The Last Hellion by Loretta Chase
(Avon, $5.99, PG-13) ISBN: 0-380-77617-0
When you were a child, did you ever experience that wonderful sense of anticipation when something special was going to happen? Maybe it was a birthday or Christmas or a trip or a special treat. And do you remember how often the reality seemed disappointing? Not that Christmas wasn't great or the trip a lot of fun or the special treat pretty special. It's just that you had built up such hopes and expectations that nothing could possibly measure up.

I deeply fear that for many devoted romance readers, The Last Hellion, the long-awaited sequel to Loretta Chase's widely praised Lord of Scoundrels will be just like those Christmases of yore an inevitable disappointment because the expectations have been so high.

So let me make one thing immediately clear: The Last Hellion is not as good a book as Lord of Scoundrels.. Some of the special chemistry that made LOS a classic is absent here. But this is nevertheless a very good book, one that draws you in, touches you, makes you care about the characters, makes you laugh, makes you think, makes you feel.

The hero of The Last Hellion is Vere Mallory, Duke of Ainswood, one of the disreputable friends of the hero of LOS. Vere is Duke even though he is a younger son of a younger son, for the Mallory family has been cursed by one death after another in the preceding decade. The most poignant death was that of Vere's nephew, Robin, the nine-year old sixth duke, felled by diphtheria. Nowhere is Chase's writing talent more on display than in the moving prologue when we feel Vere's pain as one after another his loved family members die. And we come to understand why he is such a hellion and why his behavior since becoming the seventh duke has been so irresponsible. How can he accept a position bought at the price of so many deaths?

The heroine is Lydia Grenville, the most popular writer for one of London's weekly magazines. Although Lydia's mother was the descendant of a marquess, her runaway marriage to an actor had led to her being disowned by her family. Lydia's life had been harsh; her mother had died young, her father was a wastrel and a gambler; her sister died when the family was sent to Marshalsea prison when her father could not pay her debts. After her father absconded to America, she had been raised by her eccentric great aunt and uncle who traveled widely if not always wisely.

Lydia has become a 19th century investigative reporter, with a particular interest in uncovering the perils that beset young women in London. When one day she sees a noted procuress with a new victim in tow, she rushes to the rescue. The Duke of Ainswood crosses Lydia's path at this point, and interferes in her confrontation with the evil madam. Lydia proceeds to deck him, treating him with the contempt his behavior and reputation seem to warrant, but is inexplicably attracted to this man who seems the epitome of all she despises.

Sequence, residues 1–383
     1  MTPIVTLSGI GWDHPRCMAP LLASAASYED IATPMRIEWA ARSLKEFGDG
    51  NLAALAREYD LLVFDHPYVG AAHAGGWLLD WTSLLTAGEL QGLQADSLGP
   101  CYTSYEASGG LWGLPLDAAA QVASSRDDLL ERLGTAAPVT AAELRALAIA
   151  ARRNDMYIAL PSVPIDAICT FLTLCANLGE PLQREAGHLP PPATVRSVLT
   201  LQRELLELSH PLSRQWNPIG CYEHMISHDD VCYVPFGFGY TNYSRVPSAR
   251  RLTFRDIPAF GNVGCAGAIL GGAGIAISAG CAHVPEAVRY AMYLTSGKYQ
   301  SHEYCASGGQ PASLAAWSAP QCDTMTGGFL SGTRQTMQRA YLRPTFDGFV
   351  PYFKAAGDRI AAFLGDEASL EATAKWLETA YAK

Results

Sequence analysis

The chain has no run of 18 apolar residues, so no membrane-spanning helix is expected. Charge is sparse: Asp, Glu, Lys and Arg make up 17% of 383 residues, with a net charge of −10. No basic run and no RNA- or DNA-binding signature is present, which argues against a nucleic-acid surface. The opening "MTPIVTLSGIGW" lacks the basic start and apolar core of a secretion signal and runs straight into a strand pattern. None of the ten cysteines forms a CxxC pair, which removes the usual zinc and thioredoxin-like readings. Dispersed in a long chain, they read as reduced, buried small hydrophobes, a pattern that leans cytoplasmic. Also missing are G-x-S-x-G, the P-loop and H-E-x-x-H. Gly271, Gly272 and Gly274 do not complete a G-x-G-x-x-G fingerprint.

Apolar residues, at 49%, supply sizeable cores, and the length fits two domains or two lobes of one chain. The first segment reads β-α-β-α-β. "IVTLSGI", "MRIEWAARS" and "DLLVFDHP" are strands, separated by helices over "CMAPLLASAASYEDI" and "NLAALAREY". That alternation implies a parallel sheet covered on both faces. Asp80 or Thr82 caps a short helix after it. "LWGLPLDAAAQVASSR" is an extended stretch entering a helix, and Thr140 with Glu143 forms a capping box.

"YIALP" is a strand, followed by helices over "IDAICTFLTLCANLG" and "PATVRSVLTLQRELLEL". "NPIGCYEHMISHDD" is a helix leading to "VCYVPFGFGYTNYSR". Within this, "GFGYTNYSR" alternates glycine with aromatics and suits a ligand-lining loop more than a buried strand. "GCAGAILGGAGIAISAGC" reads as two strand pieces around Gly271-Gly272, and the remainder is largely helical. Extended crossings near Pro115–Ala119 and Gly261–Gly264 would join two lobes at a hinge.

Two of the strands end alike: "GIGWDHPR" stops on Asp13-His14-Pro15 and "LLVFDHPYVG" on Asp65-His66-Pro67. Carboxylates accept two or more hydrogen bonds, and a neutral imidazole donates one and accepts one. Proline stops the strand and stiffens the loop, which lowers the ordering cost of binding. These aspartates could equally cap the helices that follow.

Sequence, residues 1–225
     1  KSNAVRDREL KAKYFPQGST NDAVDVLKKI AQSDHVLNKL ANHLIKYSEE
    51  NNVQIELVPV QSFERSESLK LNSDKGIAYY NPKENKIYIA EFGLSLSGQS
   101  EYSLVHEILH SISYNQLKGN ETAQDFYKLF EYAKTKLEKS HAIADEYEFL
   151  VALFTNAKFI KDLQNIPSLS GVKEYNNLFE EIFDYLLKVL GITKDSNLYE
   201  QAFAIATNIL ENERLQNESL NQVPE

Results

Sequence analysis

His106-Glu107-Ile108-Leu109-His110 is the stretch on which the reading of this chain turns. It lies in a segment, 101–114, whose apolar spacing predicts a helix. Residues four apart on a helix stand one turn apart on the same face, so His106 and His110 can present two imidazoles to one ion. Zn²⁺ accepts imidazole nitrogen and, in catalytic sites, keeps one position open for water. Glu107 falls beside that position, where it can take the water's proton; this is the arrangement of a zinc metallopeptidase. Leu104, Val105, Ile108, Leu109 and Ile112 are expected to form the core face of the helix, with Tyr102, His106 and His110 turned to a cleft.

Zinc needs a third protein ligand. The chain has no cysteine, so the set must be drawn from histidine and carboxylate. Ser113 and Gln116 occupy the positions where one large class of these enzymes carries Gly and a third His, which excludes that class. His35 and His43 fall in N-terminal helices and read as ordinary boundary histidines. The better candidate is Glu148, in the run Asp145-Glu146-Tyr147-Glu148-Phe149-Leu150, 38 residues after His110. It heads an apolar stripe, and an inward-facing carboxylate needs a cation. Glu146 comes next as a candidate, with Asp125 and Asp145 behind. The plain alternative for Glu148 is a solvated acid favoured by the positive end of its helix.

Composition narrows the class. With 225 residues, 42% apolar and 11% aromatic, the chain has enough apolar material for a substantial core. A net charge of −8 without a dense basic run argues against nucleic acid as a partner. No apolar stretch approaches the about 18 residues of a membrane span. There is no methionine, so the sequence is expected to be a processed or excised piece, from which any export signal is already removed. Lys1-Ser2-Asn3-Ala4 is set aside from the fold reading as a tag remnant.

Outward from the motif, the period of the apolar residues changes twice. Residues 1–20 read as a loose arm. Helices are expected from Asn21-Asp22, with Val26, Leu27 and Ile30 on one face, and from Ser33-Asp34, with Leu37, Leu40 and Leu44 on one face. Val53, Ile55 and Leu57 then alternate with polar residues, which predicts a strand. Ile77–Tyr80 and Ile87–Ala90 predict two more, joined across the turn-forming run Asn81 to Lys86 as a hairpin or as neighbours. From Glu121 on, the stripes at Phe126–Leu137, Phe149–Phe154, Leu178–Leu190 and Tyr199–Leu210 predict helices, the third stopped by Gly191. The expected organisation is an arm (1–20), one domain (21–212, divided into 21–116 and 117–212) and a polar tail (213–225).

For Vere, it is love at first punch (although he refuses to recognize his feelings for what they are.) And so begins a series of confrontations between this seemingly mismatched pair as they engage in one adventure after another. Nobody does humorous repartee between hero and heroine better than Chase. At times I was close to laughing out loud (Remember me, the dour Scot.) And she likewise does a great job of building and sustaining sexual tension. Her love scenes are elegantly incendiary.

There is a lot more in this book: a charming secondary romance between Bertie Trent and Lydia's protege; breaking and entering; a carriage race; a rescue of Vere's wards from the the evil procuress; the reappearance of Dain from LOS; the discovery of Lydia's true parentage. But Chase never loses control over her story and all the parts come together to provide an exciting tale that never lost my interest.

Central to the story are Vere and Lydia. Lydia is a marvelous heroine bright, strong-minded, ambitious, caring, daring as well strikingly attractive. One can believe that Vere would come to love her and that she can heal his wounds. Vere is a more familiar hero the rake extraordinaire, the care for nobody, who really cares too much but who flees his pain until Lydia (or as he charmingly calls her, Grenville) forces him to face it. An altogether satisfying romance.

I agonized (as I always do) about what rating to give The Last Hellion. There is no question that I recommend it strongly to fans of historical romance. But does it deserve the coveted five heart rating? As is ever the case, the comparison factor came into play. The Last Hellion is certainly better than the books I have been recommending; indeed, it is the best historical romance I have read so far this year. And thus the 5 heart rating. Because, I will be placing this book on my keeper shelf right next to Lord of Scoundrels.. And I imagine other fans of Loretta Chase will be doing the same.

--Jean Mason

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